Society sets a high bar for mothers - we idealize motherhood to the point that we somehow expect ourselves to be perfect mothers or feel like we're failing short.
Well, pardon my French, but bullshit.
My parenting mantra from the very beginning has been a line my mother (who is, thankfully, not perfect) has always attributed to Jung (thank you, Mom):
Children don't need perfect parents. They need "good enough" parents.
Not that they are just OK if they don't have perfect parents and do have good enough parents. No - he means they actively need NOT to have perfect parents and actively NEED good enough parents instead. Which is a good thing, because perfect parents are a mythical beast, like pretty much anything else perfect.
Now, I say this as a person who has had to fight against the urge for perfection my whole life. If you are familiar with the Enneagram (a personality type indicator in which the types are assigned a number from one to nine), I am a flaming One, whose self-idealization is "I am right." Ones are ALL about perfection, and I'm no exception. But it's a false goal - you will drive yourself crazy in the pursuit of it, and still never attain it.
Most people know that about most things. But, ah, motherhood. It's our most cherished ideal, the perfect mother. When Rapunzel was an infant, I remember thinking I was doing something wrong because it wasn't all joy and happiness all the time. I loved (and still love) her with an intensity I could not begin to imagine before her birth (and I tried). But nobody told me that motherhood is hard work. There are huge rewards, but also huge frustrations, worry, rampant sleep deprivation, and just flat out exhaustion. I would do it again in a heartbeat, but I wish someone had told me to expect it to be hard, and not all joy and choirs of angels.
Honestly, I never really expected to be a good mother - I wanted to have children because I wanted to experience what it was to love another human being completely unconditionally (I love my husband to pieces, but it's not and never will be unconditional). I boy did I find out (for the record, it's awesome and terrifying in equal parts. I once read a description of it as agreeing to let your heart walk around outside your body for the rest of your life, and that's pretty dead on.) But even wanting to have children and experience that, I just couldn't mentally fit myself into that idealized image of the perfect mom - you know, the one that never gets tired or frustrated, never loses her cool, always knows just what her child needs, loves nothing more than to sit on the floor playing with a toddler....
Here's my confession: I love babies, but toddlers? Please, no. I don't enjoy playing games with kids. Or doing art with kids. Or cooking with kids. Or doing anything that might make a mess with kids (which is almost everything, if you do it right...) I do not enjoy cooking and don't manage to put perfectly balanced, healthy meals on the table (or indeed, any meals on the table - I don't cook at all, Chris does...) I do enjoy reading to kids, though - anything that involves a book, I'm on board. Although the 50th time through that More, More, More Said the Baby and I wanted to scream. Still, mostly I didn't mind the repetition of reading the same picture books over and over and over. I could do Hippos Go Berserk all day long....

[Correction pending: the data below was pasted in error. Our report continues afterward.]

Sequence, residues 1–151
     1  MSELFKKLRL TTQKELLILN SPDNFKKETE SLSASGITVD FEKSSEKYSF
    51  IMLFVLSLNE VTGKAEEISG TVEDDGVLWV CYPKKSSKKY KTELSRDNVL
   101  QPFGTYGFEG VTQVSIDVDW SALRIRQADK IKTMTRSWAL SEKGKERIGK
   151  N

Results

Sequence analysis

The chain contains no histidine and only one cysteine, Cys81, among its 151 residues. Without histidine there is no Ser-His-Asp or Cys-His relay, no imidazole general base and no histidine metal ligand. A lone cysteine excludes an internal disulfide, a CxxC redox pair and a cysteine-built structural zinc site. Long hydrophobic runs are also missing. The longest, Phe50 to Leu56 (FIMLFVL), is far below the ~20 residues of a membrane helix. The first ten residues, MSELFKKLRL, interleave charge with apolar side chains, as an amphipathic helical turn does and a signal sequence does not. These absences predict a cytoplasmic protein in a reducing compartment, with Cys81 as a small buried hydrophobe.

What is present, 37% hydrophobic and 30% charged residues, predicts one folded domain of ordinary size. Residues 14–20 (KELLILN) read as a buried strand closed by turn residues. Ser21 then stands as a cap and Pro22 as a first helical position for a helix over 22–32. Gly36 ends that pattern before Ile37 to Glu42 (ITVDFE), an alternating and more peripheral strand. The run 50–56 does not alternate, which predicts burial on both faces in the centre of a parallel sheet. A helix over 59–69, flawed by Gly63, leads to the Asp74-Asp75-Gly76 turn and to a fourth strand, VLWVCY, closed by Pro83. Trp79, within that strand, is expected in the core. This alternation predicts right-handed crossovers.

But I was confessing. I found helping with elementary school homework frustrating. And I tolerated but didn't truly enjoy taking them to playgrounds (God, could anything be more boring?) or museums (whee, the butterfly house at the Museum of Life and Science, AGAIN).
OK, I'm overstating things a little, but I was never, ever, that image of the idealized mother. I don't want you to think I hated every minute - I didn't. There were plenty of fun times, too. And somewhere in there, they turned into really interesting little people, and I could TALK to them, and wind up wondering how the heck we ended up talking about [fill in the blank with anything weird or offbeat or not typical kid conversation], and that's been really, really fun. Well, when they aren't rolling their eyes or turning "Mother" into a word of 10 syllables...
But here's the thing: I am not that idealized, "perfect" mother. No way, no how. But I AM a good enough mother. Indeed, I am surprised on a regular basis to realize I am actually a damn good mother. My girls are growing up into awesome human beings, and are the teenagers every parent dreams of. I can't (and won't) take all the credit - they have an awesome (but not perfect) father, great (and local) grandparents, and a church full of people willing to help raise them in a thousand little ways... So there's a whole village that gets shared credit.
But today, almost 16 years down the road of motherhood, I'm not going to be another mother who flogs herself by saying she's not the mother her children deserve. Nope. I AM the mother they deserve: not perfect by any stretch, but more than good enough. Jung would be proud.